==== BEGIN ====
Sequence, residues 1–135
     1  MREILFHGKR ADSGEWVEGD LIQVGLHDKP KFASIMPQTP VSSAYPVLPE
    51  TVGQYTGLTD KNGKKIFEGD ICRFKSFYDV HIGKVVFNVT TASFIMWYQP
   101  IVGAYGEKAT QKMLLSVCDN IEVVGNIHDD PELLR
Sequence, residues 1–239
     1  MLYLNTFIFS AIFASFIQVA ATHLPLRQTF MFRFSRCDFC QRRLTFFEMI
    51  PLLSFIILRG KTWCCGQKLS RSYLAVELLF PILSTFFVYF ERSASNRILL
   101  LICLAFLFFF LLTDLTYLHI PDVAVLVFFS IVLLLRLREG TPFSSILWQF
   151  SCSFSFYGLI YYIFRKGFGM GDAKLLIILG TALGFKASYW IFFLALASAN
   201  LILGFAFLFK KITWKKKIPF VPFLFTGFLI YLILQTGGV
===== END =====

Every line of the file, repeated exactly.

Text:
Sequence, residues 1–135
     1  MREILFHGKR ADSGEWVEGD LIQVGLHDKP KFASIMPQTP VSSAYPVLPE
    51  TVGQYTGLTD KNGKKIFEGD ICRFKSFYDV HIGKVVFNVT TASFIMWYQP
   101  IVGAYGEKAT QKMLLSVCDN IEVVGNIHDD PELLR
Sequence, residues 1–239
     1  MLYLNTFIFS AIFASFIQVA ATHLPLRQTF MFRFSRCDFC QRRLTFFEMI
    51  PLLSFIILRG KTWCCGQKLS RSYLAVELLF PILSTFFVYF ERSASNRILL
   101  LICLAFLFFF LLTDLTYLHI PDVAVLVFFS IVLLLRLREG TPFSSILWQF
   151  SCSFSFYGLI YYIFRKGFGM GDAKLLIILG TALGFKASYW IFFLALASAN
   201  LILGFAFLFK KITWKKKIPF VPFLFTGFLI YLILQTGGV